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Indigenous people's climate change conference begins
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Indigenous Peoples from North and South America and their allies from around the world gathered at the invitation of Bolivian President Evo Morales in Cochabamba yesterday for the kick-off of an historic conference on climate change and the "rights of Mother Earth." Morales called this conference in the wake of failed climate talks in Copenhagen last year. Over 15,000 delegates from 126 countries heard President Morales speak at the soccer stadium in the village of Tiquipaya today.
Indigenous people's climate change conference begins

The delegates will be meeting in working group sessions this week to develop strategies and make policy proposals on issues such as forests, water, climate debt, and finance, which President Morales pledges to bring to the international negotiations of the COP 16 in Cancun, Mexico later this year.

The convocation included a multi-cultural blessing ceremony by Indigenous Peoples from across the Americas, and speeches by representatives of social movements from five continents on the urgency of the climate crisis and the need for bold action that protects both human rights and the environment.

"Indigenous rights and knowledge are crucial to addressing climate change, but the United States and Canada have not signed on to the UN Declaration on the Rights of Indigenous Peoples (DRIP), and are pushing corporate climate policy agendas that threaten our homelands and livelihoods," said Jihan Gearon of the Navajo Nation (AZ), Native Energy Organizer with Indigenous Environmental Network. "We have traveled to Bolivia because President Morales has committed to bring our voices to the global stage at the next round of talks in Cancun."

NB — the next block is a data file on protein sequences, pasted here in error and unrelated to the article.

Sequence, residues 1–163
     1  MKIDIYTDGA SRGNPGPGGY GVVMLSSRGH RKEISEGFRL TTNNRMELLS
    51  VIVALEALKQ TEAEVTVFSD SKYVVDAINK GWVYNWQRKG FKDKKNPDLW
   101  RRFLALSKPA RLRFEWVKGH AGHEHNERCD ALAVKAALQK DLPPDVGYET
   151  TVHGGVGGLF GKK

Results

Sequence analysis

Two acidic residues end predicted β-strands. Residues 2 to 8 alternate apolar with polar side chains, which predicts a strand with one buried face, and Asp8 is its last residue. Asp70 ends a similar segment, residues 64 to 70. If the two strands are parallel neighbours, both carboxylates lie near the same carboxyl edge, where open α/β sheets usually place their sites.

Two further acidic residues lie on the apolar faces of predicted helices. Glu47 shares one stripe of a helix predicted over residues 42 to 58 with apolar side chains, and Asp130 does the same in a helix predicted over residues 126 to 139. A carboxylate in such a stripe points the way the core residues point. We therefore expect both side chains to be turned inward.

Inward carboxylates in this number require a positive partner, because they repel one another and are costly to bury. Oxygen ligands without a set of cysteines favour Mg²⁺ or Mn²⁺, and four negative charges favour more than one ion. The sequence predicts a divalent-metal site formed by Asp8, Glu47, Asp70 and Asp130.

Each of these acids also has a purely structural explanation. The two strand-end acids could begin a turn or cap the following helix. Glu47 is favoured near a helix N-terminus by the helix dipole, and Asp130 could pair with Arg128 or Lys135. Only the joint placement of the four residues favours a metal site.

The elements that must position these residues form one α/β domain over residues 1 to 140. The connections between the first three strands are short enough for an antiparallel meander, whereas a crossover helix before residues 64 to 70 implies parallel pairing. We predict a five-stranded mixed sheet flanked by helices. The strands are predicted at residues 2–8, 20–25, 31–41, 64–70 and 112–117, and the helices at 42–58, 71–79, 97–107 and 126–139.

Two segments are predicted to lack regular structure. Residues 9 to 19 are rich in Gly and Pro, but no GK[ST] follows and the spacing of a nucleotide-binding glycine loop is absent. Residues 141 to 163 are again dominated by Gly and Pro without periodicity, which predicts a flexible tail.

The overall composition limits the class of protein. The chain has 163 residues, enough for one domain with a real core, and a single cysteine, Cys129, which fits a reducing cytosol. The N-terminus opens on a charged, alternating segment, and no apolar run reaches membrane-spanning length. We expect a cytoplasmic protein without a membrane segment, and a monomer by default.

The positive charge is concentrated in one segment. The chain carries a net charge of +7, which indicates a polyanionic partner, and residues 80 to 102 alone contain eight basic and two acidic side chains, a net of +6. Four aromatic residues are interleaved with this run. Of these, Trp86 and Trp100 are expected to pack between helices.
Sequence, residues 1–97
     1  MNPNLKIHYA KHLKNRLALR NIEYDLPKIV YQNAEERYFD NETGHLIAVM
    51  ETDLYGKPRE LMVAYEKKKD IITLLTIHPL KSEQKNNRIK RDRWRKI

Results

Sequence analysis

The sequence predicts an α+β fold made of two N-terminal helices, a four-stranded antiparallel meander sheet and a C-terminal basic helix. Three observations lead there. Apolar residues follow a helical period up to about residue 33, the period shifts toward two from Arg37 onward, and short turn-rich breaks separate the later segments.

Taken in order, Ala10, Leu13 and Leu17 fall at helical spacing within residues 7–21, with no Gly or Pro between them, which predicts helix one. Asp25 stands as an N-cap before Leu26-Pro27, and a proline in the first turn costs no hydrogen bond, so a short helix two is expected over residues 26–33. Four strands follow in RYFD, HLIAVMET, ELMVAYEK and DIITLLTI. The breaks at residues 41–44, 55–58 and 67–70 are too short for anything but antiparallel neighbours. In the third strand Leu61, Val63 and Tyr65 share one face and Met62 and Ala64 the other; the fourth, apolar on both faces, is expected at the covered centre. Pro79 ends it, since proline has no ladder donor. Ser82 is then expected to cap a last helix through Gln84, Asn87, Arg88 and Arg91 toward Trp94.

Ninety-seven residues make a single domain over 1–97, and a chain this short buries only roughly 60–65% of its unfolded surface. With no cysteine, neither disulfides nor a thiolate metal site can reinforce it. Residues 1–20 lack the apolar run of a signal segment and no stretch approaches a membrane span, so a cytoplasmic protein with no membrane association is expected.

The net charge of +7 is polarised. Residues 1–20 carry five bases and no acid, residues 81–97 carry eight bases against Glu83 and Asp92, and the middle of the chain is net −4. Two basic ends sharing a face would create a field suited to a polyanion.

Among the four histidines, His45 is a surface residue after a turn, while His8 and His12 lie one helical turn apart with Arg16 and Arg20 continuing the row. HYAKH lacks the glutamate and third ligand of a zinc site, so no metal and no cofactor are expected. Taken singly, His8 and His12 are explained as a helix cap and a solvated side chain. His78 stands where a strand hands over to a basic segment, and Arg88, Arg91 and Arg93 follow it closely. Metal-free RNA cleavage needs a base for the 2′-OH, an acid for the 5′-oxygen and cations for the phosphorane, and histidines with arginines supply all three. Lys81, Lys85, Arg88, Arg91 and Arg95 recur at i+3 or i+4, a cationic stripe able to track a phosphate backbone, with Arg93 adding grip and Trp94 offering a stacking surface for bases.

"President Morales has asked our recommendations on issues such as REDDs (Reducing Emissions through Deforestation and Degradation)," said Alberto Saldamando, legal counsel for the International Indian Treaty Council. "REDD is branded as a friendly forest conservation program, yet it is backed by big polluters. REDD is a dangerous distraction from the root issue of fossil fuel pollution, and could mean disaster for forest-dependent Indigenous Peoples the world over."

"We are here from the far north to stand in solidarity with our brothers and sisters of the South" said Faith Gemmill, Executive Director of Resisting Environmental Destruction on Indigenous Lands (REDOIL), who spoke from the stage at the invitation of President Morales. "We have a choice as human kind - a path of life, or a path of destruction. The people who can change the world are here!"


The Indigenous Environmental Network is made up of Indigenous Peoples empowering Indigenous Nations and communities towards sustainable livelihoods, demanding environmental justice and maintaining the Sacred Fire of our traditions. www.ienearth.org



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